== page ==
Developing skill

I'm reading Angela Duckworth's book - "Grit: The Power of Passion and Perseverance." The excerpt below reinforced for me how important it is to have good teachers. Talents are only partially genetic. Even the most "genetically talented" person needs a good coach/teacher to draw out that his/her maximum potential. 

Sociologist, Dan Chambliss, swam competitively in high school but stopped when it seemed clear he wasn't going to make it as a nationally ranked swimmer.

"I'm small," he explained, "and my ankles won't plantar flex... I can't point my toes. I can only flex them. It's an anatomical limitation. Which means, basically, at the elite level, I could only swim breaststroke." After our exchange, I did a little research on plantar flexion. Stretching exercises can improve your range of motion, but the length of certain bones does make a diference in how flexible your feet and ankles are.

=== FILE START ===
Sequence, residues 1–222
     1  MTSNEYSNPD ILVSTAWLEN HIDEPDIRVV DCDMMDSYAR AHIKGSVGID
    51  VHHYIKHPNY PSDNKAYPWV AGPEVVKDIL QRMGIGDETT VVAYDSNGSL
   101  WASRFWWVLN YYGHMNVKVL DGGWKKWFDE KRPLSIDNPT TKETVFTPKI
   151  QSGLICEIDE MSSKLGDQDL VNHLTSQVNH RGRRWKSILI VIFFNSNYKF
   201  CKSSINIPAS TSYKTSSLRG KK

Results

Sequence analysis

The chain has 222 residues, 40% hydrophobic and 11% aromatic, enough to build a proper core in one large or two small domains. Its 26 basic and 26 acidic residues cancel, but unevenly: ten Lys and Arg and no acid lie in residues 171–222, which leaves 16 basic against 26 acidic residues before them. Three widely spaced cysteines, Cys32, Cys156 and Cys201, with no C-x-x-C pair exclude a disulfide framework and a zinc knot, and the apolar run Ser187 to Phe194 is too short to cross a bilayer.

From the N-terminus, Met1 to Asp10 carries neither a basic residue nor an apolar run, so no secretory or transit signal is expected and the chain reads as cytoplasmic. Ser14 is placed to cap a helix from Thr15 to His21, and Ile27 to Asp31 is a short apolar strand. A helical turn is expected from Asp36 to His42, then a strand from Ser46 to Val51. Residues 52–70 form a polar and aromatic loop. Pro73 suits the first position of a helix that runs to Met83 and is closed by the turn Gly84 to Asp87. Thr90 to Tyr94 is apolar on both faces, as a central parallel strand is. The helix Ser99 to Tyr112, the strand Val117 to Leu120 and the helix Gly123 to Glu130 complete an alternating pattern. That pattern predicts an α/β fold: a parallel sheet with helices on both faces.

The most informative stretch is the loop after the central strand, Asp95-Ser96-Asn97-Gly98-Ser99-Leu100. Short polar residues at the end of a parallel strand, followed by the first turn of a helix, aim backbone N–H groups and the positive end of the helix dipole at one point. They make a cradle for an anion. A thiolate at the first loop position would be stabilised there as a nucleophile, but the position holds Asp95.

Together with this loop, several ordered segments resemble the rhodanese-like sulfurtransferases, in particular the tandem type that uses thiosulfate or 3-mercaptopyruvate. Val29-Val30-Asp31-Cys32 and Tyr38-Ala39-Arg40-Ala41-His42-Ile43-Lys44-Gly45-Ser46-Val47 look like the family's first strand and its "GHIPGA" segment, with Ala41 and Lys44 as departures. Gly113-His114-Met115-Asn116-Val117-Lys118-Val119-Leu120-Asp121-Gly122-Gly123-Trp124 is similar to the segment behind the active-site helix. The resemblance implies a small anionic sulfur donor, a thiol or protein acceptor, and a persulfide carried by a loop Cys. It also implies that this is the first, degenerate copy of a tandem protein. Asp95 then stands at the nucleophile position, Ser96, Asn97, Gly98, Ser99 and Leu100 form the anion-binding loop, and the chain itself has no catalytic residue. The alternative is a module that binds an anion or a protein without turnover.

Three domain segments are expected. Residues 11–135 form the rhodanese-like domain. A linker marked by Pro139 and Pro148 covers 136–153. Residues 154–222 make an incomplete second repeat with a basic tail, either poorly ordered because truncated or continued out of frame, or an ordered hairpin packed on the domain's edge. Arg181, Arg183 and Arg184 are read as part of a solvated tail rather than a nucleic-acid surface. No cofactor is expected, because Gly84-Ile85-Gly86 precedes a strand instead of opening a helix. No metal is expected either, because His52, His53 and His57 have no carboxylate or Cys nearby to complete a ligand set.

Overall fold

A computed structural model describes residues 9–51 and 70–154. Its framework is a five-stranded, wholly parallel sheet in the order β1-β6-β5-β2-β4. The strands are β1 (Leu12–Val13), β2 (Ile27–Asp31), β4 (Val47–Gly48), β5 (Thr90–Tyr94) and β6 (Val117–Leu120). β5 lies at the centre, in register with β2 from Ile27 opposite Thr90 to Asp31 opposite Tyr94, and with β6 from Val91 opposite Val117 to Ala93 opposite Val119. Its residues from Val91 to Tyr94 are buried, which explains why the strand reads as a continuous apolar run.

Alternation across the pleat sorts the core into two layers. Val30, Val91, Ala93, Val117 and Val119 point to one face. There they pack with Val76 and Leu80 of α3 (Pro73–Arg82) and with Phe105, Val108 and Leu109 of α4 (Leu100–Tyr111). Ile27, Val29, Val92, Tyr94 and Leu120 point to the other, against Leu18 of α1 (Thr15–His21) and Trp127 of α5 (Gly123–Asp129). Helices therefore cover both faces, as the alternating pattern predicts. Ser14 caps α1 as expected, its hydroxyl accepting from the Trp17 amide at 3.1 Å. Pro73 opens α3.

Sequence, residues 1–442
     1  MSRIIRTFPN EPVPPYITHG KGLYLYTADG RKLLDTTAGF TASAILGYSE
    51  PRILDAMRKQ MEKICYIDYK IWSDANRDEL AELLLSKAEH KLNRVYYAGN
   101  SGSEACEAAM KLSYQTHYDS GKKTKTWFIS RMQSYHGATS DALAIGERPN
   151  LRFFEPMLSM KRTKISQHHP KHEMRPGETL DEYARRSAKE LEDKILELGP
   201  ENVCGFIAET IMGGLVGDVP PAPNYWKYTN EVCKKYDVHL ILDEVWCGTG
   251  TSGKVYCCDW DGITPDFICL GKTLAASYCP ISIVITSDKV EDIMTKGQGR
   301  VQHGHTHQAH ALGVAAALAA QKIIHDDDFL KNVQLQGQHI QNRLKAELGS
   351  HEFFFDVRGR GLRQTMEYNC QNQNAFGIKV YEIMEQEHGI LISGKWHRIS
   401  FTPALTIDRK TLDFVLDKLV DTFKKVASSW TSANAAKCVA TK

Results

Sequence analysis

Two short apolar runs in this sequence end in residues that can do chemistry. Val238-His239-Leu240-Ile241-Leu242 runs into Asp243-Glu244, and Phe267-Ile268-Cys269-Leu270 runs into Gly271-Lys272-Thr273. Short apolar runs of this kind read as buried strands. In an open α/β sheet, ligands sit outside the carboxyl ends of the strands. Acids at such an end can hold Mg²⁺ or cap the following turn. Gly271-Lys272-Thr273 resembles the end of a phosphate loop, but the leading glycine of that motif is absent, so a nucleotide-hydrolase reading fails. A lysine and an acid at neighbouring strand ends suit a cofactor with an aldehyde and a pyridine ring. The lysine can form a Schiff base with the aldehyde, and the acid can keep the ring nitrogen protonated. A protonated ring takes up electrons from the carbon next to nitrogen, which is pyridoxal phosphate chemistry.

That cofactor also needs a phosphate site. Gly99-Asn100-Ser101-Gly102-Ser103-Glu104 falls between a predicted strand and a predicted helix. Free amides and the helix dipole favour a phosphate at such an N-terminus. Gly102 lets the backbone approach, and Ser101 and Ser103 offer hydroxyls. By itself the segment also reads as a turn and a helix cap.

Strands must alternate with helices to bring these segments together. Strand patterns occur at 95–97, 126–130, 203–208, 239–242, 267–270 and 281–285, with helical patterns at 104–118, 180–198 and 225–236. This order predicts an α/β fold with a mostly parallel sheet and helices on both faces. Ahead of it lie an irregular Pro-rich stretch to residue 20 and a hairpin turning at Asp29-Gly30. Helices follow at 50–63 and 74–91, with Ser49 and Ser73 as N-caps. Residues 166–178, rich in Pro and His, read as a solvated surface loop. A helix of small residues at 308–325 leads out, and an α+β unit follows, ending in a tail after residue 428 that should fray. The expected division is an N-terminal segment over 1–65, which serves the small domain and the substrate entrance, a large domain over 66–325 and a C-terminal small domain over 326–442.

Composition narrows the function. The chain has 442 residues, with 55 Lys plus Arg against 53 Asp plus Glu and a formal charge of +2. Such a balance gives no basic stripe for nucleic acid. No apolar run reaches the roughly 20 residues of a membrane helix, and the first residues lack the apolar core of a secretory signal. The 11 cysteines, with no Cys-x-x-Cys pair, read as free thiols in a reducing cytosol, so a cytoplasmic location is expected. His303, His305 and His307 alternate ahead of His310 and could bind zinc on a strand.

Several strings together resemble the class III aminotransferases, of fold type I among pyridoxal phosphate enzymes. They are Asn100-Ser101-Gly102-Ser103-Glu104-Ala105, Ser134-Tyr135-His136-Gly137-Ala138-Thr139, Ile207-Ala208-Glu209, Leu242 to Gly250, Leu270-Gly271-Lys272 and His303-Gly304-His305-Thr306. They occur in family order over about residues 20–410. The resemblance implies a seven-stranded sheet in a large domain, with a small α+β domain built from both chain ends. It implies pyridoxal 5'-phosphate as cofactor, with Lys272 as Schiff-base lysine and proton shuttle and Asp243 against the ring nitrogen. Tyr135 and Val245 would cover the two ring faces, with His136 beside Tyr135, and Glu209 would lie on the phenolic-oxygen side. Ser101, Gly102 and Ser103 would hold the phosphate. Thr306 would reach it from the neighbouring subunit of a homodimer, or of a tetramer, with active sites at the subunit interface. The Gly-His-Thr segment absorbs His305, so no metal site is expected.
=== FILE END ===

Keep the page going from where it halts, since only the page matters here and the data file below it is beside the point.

Still, the biggest impediment to improving wasn't anatomy, it was how he was coached: "In retrospect, I look back now and can see I had horribly bad coaches in a couple of crucial places. One of my high school coaches - I had him for four years - literally taught me zero. Nothing. He taught me how to do a breaststroke turn, and he taught me incorrectly."

What happened when Dan did, finally, experience good coaching, in part from hanging around the national and Olympic coaches he was studying? 

"Years later, I got back into the pool, got in shape again, and swam a two-hundred-yard individual medley as fast as I did in high school."